Client complains of injection site pain telling the PMHNP that she  has trouble siting for a few hours after the injections and doesn’t like  having to walk around for such a long period of time
Decision Point Two
Continue  same decision made but instruct administering nurse to begin injections  into the deltoid at this visit and moving forward
Client returns to clinic in four weeks
Client’s PANNS has reduced by a total of 50% from the initiation of Invega sustenna
When questioned about injection site pain, client states it is much better in the arm
Client’s weight has increased by an  additional 2.5 pounds (total of 4.5 pounds in a 2 month period). She is  somewhat bothered by the weight gain and is afraid that her husband does  not like it. He is not present at this visit as she brought herself
Client likes how she feels on the  Invega Sustenna but is wondering if there is another drug like it that  would not cause the weight gain
Decision Point Three
Continue  with the Invega Sustenna. Counsel client on the fact that weight gain  from Invega Sustenna is not as much as what other drugs with similar  efficacy can cause. Make appointment with a dietician and an exercise  physiologist. Follow up in one month
Guidance to Student
Weight gain can occur with Invega  Sustenna. It is modest in nature and can be controlled with proper  nutrition and exercise. It is always a good idea to try and control a  client’s weight through consultation with a dietician and exercise  physiologist (life coach) before switching to another agent when a  product is showing efficacy for at least 6 months.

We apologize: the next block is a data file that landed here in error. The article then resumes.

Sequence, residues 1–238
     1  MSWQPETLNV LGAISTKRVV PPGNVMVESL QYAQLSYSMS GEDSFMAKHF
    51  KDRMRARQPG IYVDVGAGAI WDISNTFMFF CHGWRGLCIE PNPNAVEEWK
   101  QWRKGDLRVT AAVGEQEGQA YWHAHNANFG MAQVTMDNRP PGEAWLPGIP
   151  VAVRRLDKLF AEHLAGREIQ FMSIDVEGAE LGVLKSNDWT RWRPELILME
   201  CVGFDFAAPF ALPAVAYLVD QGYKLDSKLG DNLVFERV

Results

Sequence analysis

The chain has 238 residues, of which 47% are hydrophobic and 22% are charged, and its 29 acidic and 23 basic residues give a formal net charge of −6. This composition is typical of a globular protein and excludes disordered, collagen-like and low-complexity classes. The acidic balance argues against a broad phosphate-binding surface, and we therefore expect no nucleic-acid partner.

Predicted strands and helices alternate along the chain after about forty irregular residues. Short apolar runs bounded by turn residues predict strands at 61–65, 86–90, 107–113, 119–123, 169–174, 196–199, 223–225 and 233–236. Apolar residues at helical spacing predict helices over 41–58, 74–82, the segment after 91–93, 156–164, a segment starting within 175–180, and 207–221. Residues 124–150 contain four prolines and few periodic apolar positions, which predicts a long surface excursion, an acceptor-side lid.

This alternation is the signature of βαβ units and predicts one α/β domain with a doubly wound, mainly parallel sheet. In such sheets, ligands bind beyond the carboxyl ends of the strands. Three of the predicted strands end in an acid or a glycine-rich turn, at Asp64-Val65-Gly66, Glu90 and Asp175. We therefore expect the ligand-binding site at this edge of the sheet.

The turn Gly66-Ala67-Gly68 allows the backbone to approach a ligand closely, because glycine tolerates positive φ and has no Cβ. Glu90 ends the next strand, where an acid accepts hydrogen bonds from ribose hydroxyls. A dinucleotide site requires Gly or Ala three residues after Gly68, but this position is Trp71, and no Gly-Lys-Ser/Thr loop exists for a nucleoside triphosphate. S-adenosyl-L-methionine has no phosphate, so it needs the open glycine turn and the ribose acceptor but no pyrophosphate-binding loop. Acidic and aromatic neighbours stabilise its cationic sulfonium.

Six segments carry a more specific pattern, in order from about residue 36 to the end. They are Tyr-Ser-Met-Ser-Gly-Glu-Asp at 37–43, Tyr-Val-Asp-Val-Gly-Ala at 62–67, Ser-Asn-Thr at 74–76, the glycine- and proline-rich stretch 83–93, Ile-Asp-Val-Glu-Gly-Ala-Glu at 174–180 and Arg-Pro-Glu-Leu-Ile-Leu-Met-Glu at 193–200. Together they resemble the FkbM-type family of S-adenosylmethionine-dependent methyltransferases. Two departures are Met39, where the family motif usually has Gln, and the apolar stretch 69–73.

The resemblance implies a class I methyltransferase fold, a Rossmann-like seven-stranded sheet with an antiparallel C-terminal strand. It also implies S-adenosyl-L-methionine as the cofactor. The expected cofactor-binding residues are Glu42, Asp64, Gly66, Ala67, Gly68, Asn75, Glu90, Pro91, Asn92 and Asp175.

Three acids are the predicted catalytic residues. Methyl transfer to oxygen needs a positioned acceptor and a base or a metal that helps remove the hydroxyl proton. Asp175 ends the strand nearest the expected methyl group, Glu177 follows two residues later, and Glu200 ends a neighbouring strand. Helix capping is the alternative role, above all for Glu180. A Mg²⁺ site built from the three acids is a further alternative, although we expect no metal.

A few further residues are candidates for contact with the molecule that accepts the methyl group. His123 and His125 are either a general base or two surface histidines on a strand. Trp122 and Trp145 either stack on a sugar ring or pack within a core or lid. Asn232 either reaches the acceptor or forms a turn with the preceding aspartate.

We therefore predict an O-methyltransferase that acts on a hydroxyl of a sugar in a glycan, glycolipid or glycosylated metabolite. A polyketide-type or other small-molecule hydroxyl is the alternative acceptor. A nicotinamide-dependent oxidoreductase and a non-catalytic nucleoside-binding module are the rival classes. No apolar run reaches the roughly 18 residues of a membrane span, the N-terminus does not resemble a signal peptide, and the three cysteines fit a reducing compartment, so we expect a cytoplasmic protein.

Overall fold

Abilify Maintena is a good option for someone who has good  response to abilify oral. Remember that Abilify does not bind to the D2  receptor for a great period of time (such as Invega) and can be less  affective in certain individuals. Also, remember that akathisia  can be a  possible side effect. Once an IM long acting medication is given, the  effects of the drug (both efficacious and untoward effects) can be  maintained for a long duration (up to a month or longer). Tolerability  and efficacy should be established with oral medication first before  administering the first injection. Also a disadvantage to Abilify  Maintena is a 2-week overlap of oral therapy is required due to  effective blood levels lagging behind the induction dose.
Qsymia is a weight loss medication that is a combination of  Phenteramine and Topiramate. It is only indicated to treat obesity. This  client’s BMI (28.9 kg/M2) does not fit the definition of obesity (BMI  >30 Kg/M2- Following from CDC website: Class 1: BMI of 30 to < 35,  Class 2: BMI of 35 to < 40, Class 3: BMI of 40 or higher. Class 3  obesity is sometimes categorized as “extreme” or “severe” obesity).   There are two things wrong with this therapy option. First, there are  only a few occasions where add-on therapy to treat a side effect is  acceptable and weight gain is not one of those scenarios. Secondly,  Phenteramine has a lot of cardiovascular toxicities (such as elevated  BP, HR, increased workload on the heart